Carroll Campbell did a lot of fine things as governor, but on that day he really ticked me off. So I ripped out a short editorial — just 349 words — that said if the governor was serious about national ambitions (and he was), he needed an attitude adjustment. The “emotions” to which he referred arose “from a failure to resolve the central crisis of our history. That failure arises from many causes, but one of them is a lack of leadership. The rest of the nation can be expected to have little patience with a man who seeks to lead it into the 21st century, but can’t make a gesture to lay a 19th century conflict to rest.”

From that moment, I couldn’t leave the issue alone. I berated a series of governors, and Legislatures, on this failure of leadership. And what result did I, or anyone else calling for the flag to go, get? A hardening of attitudes. The Republican Party rose to power in the General Assembly after putting a mock flag “referendum” on its 1994 primary ballot, after which legislators moved to enshrine the flying of the flag into law.

The anti-flag movement grew, and reached its zenith in 2000, with a 60,000-strong demonstration on Martin Luther King Day, and a dramatic march from Charleston to Columbia led by Mayor Joe Riley. And still, what did we get? A “compromise” that moved the flag to a more visible location. After which the Legislature made it clear for 15 years that it had zero interest in revisiting the issue.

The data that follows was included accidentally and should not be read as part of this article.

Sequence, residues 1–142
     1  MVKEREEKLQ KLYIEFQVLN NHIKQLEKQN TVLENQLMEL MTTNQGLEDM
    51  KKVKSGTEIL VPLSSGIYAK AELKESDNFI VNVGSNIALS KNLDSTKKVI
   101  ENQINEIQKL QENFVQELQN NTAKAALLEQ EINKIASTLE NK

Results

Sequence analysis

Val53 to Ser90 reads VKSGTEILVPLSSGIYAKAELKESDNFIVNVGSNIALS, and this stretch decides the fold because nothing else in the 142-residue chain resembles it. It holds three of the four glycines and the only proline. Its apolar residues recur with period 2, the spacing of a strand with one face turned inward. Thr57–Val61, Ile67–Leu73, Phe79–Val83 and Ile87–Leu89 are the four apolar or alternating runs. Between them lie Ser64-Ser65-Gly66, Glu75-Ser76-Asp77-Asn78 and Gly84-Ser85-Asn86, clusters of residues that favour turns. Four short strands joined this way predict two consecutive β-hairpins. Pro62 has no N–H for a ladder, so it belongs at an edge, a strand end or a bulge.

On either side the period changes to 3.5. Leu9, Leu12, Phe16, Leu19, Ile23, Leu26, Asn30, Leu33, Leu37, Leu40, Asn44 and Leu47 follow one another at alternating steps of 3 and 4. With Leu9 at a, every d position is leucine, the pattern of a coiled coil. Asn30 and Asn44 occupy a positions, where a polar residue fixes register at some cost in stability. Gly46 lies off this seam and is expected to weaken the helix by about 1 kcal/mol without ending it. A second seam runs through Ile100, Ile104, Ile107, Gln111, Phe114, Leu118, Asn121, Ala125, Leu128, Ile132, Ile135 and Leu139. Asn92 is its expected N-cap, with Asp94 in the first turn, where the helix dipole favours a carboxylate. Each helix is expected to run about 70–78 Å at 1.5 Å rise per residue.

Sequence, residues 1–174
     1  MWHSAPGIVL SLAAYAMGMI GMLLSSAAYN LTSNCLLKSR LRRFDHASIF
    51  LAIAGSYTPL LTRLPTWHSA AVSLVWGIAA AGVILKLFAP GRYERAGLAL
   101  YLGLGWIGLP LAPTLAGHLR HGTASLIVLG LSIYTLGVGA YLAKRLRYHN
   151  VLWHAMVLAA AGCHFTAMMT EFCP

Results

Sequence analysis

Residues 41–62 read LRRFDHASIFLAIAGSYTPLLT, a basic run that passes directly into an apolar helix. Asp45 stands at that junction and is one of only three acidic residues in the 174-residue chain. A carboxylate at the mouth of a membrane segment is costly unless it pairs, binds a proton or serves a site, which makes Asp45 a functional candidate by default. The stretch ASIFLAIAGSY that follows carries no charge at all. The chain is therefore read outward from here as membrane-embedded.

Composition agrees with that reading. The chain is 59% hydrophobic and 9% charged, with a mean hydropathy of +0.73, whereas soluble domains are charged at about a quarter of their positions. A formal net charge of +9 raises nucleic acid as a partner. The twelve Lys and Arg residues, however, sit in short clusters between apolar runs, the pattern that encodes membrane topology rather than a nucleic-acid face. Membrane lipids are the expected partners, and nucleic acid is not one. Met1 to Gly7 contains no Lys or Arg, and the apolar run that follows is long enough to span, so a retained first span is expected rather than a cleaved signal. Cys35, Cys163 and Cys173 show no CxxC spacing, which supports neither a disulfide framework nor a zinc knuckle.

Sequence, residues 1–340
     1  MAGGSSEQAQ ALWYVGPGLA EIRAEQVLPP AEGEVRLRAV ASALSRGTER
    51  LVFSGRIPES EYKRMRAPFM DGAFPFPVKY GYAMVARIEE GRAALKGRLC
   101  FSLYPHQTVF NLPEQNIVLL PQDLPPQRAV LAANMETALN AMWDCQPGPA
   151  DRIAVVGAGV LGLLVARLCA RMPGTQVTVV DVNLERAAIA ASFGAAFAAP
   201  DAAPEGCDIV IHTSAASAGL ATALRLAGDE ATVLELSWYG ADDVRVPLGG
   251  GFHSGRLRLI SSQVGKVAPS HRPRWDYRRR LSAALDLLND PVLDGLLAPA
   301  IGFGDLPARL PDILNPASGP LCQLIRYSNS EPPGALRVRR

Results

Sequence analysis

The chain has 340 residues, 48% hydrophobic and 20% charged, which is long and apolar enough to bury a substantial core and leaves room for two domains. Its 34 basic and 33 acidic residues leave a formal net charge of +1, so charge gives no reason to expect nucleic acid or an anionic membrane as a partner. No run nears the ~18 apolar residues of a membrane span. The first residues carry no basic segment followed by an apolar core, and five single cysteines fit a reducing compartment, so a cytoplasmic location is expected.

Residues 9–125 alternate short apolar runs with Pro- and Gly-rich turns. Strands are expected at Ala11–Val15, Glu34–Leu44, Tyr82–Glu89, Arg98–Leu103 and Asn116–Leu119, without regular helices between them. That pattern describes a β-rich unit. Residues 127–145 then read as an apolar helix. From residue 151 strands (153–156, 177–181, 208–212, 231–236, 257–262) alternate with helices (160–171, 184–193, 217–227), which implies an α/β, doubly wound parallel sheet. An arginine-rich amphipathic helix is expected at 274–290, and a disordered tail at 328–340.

But that all happened in the old South Carolina, which ceased to exist not the night that Sen. Clementa Pinckney and eight of his flock were murdered in cold blood. It ended two days later, when the families of the slain forgave the young man charged with taking their loved ones away.

The new South Carolina was born in that moment, in that courtroom. Hatred and death didn’t bring it into being. The love of the living did.

A chain reaction of grace started there, and its radiance shone forth from Charleston. The nation marveled: Why were they not seeing another Ferguson, another Baltimore? How can this black-white lovefest be?